As many of you know, I’m 42 years old. Over the last six years, I have been battling a sense of aimlessness.
I wanted to know if this was common and eventually, I wondered if I was experiencing a midlife crisis. In retrospect, the desire for a label is interesting. I suppose I was searching for connection. A label would imply that I was part of something larger; something common that necessitated labeling; a group of people who have experienced something similar; that my experience was “normal.” While I find the word “normal” at best to be unfortunate (which you can read about here), it’s an understandable attempt to feel connected. Feeling abnormal or different was my harsh vocal inner self-critic disconnecting me from humanity.
Setting Goals in early Adulthood
When I was 19 years old, I discovered that I wanted to study music. I yearned to know everything and took every class. Even as an undergraduate, I wished to be a professor someday, sharing my passion for music with others. My goal was established and clear. I felt lucky; I knew what I wanted while many of my friends stumbled in search for their path.
I continued with my education. I earned a Master’s Degree in Music Composition; then I pursued and received a Doctor of Musical Arts degree in Music Composition, as well as a Master’s Degree in Music Theory. The point isn’t to impress but to illustrate the path that became a paramount feature of my young adult life. In any given semester, I was to complete a series of courses. Those classes would lead to the next semester’s classes. Those classes would lead to degrees and those degrees would lead to the professorship. The next step was always clearly displayed and identifiable. After 18 years of walking this path; I reached my goal when I was offered and accepted a teaching position.
During that 18-year journey, I was unaware of the comfort and stabilization offered by that path; not realizing the imprinting power of living with the same thoughts and feelings for an extended period; mindlessly enjoying the comfort born of certitude; of knowing what I was supposed to do next; 18 years of the same internal cocktail of chemicals produced by my daily thoughts and emotions, derived from this mode of being.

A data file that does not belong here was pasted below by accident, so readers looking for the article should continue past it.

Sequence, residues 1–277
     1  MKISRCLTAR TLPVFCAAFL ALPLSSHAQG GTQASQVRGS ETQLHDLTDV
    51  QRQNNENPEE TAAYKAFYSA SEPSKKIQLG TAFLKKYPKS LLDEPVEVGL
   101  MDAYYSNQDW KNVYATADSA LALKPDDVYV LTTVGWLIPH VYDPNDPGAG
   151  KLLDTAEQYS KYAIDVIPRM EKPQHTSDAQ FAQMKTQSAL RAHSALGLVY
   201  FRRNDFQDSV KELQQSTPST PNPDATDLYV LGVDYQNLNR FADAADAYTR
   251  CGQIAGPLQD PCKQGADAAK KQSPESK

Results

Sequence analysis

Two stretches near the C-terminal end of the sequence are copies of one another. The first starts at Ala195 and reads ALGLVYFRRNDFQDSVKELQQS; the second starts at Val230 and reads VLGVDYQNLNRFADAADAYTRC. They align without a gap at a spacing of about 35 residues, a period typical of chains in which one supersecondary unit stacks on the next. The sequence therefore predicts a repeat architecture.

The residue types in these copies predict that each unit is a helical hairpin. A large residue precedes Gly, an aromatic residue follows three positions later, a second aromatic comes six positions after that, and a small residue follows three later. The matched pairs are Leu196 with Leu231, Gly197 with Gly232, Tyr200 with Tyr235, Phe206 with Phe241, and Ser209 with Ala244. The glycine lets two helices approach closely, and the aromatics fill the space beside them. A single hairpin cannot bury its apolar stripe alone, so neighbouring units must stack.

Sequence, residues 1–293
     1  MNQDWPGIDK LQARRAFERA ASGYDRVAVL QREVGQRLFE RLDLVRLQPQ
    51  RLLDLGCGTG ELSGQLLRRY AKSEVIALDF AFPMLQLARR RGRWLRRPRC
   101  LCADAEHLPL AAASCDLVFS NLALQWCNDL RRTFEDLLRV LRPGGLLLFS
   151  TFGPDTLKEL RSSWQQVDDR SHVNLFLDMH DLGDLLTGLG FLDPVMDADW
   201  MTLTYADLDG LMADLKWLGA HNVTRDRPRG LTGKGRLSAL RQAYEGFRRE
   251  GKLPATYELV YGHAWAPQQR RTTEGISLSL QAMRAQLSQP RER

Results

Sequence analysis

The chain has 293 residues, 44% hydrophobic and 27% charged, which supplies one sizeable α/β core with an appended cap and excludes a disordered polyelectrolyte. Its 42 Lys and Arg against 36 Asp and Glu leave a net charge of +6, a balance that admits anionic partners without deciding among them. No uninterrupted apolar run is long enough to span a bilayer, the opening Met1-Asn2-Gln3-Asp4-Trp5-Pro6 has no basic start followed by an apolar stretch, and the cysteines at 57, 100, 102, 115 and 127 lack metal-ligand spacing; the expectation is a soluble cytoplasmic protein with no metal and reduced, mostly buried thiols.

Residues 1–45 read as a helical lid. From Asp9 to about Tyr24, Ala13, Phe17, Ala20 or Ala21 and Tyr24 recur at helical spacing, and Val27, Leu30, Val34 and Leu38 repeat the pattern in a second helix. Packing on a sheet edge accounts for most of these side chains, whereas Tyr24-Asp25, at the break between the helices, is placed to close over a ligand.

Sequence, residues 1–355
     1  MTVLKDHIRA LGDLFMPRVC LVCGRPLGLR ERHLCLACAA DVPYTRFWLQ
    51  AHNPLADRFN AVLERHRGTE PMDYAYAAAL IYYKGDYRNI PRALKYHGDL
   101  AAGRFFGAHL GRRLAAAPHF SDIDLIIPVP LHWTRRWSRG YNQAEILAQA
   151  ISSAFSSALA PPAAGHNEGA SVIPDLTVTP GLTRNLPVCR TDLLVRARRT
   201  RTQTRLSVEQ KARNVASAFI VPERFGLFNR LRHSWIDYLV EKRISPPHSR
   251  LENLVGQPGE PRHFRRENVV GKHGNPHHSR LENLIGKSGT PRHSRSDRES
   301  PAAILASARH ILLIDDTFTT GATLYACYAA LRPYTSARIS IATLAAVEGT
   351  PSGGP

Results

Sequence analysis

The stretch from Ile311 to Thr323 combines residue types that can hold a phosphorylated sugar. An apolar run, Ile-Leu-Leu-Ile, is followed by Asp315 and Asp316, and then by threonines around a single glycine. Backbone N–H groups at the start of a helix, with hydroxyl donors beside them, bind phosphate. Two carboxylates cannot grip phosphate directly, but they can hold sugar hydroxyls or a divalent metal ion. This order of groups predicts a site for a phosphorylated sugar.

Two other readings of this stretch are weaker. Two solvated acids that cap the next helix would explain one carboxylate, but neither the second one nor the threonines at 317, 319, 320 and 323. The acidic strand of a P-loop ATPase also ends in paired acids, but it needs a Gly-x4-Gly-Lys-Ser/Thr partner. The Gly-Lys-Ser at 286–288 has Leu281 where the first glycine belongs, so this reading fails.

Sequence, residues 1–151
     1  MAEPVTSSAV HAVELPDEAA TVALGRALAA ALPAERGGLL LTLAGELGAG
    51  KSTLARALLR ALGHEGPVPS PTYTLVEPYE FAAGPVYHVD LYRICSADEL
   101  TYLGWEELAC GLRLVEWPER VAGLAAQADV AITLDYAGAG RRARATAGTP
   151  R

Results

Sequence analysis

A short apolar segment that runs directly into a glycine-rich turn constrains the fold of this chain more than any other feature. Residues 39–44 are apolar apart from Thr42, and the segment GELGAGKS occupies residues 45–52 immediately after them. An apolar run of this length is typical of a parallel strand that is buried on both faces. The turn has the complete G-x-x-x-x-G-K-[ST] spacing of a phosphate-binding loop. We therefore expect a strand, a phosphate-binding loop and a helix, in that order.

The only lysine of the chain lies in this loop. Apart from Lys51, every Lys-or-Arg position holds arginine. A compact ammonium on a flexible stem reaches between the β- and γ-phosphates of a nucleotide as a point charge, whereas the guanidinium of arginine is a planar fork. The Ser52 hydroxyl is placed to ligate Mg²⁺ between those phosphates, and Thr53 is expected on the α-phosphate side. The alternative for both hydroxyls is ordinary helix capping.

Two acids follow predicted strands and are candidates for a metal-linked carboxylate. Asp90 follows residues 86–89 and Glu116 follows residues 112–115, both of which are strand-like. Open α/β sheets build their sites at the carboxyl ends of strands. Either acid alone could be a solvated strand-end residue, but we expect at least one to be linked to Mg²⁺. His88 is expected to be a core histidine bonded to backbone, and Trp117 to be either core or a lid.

Achieving Goals during a Midlife Crisis
Finally, after 18 years, I accomplished my goal. I had reached the end of the path and expected happiness; peace from reaching the summit and enjoying the view. However, within a few months, I began to feel discontent. The emotion was quiet; easy to ignore or bury, but was symptomatic in the form of a new goal. I began to think about buying a home. Soon, the thought and goal consumed me. Up to this point in my entire life, I had never cared about money or home ownership. Never! Now, suddenly it was my primary objective. It felt good.
In hindsight, I suppose it just felt familiar; replacing old goals with new ones. After a couple years of saving, my wife and I finally bought a home. Yet, after a few months, the discontent returned. I began to think about whether we could buy a second home and rent out the other. Something didn’t feel right. The internal friction was strong enough to get my attention and I began to look inside, discovering feelings of utter aimlessness and frustration. I didn’t want to replace old goals with new ones; it made me feel like a hamster on the wheel.
However, it was familiar; a mode of existence strongly imprinted in my mind; set goals and strive to achieve them. I didn’t know how else to live, but I was simultaneously annoyed by the seemingly inherent dissatisfaction that accompanied this mode of being. I wanted to feel satisfied and content with my life; achievements, possessions, everything. I still do. I want a new way to live; a new mode of being where I am no longer the familiar hamster.